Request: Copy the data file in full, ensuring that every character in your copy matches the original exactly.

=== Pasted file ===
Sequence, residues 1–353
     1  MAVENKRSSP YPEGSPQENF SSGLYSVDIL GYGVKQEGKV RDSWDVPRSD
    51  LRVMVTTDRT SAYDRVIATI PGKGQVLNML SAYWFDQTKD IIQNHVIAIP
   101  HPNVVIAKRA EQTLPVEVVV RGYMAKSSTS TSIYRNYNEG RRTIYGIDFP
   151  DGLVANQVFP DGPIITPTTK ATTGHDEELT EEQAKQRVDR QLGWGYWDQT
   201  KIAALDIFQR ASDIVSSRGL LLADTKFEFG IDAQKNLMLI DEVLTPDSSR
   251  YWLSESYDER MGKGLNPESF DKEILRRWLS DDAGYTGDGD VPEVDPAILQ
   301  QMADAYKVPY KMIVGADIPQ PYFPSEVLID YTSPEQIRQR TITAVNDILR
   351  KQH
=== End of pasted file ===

Sequence, residues 1–353
     1  MAVENKRSSP YPEGSPQENF SSGLYSVDIL GYGVKQEGKV RDSWDVPRSD
    51  LRVMVTTDRT SAYDRVIATI PGKGQVLNML SAYWFDQTKD IIQNHVIAIP
   101  HPNVVIAKRA EQTLPVEVVV RGYMAKSSTS TSIYRNYNEG RRTIYGIDFP
   151  DGLVANQVFP DGPIITPTTK ATTGHDEELT EEQAKQRVDR QLGWGYWDQT
   201  KIAALDIFQR ASDIVSSRGL LLADTKFEFG IDAQKNLMLI DEVLTPDSSR
   251  YWLSESYDER MGKGLNPESF DKEILRRWLS DDAGYTGDGD VPEVDPAILQ
   301  QMADAYKVPY KMIVGADIPQ PYFPSEVLID YTSPEQIRQR TITAVNDILR
   351  KQH